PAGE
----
Despite the medium's age, improvements to tape products help keep backing up to tape a viable option for storage administrators.
"I'm not the kind of guy who's going to beat you over the head with tape, that you gotta have tape," said Crump. "But I'm also not the guy who says, throw it out … tape has a role."
Crump said that in the last few years, tape products have improved with the use of the Linear Tape File System (LTFS), which improves the ability of tape to be read by commercial operating systems.
"You can now read tape directly from an operating system -- [and] assuming the application wrote it in LTFS format -- no matter what application wrote it," Crump said.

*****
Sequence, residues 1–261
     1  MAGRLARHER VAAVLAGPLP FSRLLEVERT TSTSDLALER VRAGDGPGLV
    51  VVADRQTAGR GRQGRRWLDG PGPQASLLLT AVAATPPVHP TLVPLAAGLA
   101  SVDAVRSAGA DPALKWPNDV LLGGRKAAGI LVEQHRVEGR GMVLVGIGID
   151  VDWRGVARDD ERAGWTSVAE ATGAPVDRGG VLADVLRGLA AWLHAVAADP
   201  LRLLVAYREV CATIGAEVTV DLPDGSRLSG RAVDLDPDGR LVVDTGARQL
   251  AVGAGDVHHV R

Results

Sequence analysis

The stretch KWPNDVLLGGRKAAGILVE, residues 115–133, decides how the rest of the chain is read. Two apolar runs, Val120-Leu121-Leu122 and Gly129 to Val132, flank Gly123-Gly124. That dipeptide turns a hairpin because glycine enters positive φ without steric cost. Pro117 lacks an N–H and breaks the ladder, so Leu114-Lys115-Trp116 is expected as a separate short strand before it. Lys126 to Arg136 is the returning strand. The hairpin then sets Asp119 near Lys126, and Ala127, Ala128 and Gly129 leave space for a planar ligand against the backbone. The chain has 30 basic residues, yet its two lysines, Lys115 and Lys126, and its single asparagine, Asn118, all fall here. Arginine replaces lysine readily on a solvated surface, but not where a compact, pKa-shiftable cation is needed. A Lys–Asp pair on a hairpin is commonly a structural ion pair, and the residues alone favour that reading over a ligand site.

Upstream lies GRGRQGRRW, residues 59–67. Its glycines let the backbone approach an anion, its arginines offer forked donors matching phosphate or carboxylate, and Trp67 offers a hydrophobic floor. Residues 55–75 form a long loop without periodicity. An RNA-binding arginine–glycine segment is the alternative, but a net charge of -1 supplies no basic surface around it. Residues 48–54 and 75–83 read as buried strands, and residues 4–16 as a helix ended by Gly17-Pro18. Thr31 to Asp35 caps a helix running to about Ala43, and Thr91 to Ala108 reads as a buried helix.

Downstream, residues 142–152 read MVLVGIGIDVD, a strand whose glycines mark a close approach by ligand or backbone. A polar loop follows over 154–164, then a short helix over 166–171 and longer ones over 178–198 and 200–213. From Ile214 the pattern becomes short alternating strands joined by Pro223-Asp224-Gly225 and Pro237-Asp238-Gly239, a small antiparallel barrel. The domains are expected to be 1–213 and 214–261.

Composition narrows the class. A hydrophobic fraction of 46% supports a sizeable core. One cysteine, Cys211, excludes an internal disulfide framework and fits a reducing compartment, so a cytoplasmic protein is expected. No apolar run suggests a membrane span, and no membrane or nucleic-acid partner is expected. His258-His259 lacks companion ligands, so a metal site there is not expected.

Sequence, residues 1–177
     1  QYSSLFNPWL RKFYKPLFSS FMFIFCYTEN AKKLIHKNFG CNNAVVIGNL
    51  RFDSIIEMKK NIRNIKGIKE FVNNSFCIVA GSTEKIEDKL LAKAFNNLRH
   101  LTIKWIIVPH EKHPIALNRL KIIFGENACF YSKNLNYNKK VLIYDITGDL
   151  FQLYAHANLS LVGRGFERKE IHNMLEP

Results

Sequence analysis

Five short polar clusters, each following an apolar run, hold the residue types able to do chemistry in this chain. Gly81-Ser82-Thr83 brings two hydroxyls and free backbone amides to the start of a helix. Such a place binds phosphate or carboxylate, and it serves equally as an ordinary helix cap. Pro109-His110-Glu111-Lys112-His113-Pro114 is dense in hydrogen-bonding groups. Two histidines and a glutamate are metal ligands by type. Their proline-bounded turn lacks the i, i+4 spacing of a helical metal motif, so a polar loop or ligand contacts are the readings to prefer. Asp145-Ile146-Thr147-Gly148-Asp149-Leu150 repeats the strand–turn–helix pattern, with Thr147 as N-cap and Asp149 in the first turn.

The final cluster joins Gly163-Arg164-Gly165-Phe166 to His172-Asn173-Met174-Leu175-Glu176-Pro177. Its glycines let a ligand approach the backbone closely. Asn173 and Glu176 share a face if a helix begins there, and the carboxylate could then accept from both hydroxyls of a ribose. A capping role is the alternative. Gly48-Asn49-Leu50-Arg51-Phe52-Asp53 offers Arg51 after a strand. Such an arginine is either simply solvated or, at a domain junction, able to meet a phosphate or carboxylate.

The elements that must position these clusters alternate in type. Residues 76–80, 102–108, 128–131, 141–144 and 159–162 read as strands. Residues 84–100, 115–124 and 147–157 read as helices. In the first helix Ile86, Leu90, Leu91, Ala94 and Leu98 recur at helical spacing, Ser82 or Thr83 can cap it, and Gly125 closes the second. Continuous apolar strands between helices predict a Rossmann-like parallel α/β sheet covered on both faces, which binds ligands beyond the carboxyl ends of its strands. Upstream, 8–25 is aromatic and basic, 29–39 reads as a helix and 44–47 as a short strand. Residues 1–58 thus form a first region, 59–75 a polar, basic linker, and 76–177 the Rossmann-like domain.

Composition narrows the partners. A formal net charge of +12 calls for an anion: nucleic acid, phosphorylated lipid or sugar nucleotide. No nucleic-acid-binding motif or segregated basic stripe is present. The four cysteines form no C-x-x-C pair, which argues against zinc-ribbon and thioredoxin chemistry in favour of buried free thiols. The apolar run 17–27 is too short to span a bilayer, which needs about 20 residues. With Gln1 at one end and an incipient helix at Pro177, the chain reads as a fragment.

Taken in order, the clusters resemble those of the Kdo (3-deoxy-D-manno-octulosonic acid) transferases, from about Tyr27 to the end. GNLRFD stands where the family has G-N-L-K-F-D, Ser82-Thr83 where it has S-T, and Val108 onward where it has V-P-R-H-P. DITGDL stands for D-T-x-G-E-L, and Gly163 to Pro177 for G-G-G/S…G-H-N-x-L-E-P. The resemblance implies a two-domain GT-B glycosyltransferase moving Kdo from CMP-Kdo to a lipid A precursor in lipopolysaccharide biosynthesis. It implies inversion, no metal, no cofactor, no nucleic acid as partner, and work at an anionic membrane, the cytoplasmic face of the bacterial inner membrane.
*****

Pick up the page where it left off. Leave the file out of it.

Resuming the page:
Previously, old tape could become difficult to use unless an organization still had access to legacy tape systems. "The challenge I had with any archive application is you better like it a lot," said Crump.
He said that backing up to tape can be a long-lasting option, especially since modern robotics can minimize human handling of the tapes themselves and offer less of a chance for incidental drops or other accidental damage to tape.
"When it's time to export tape, you put it into a custom-fit carrier, and it goes in there sealed and goes off-site. It's never touched by human hands," said Crump.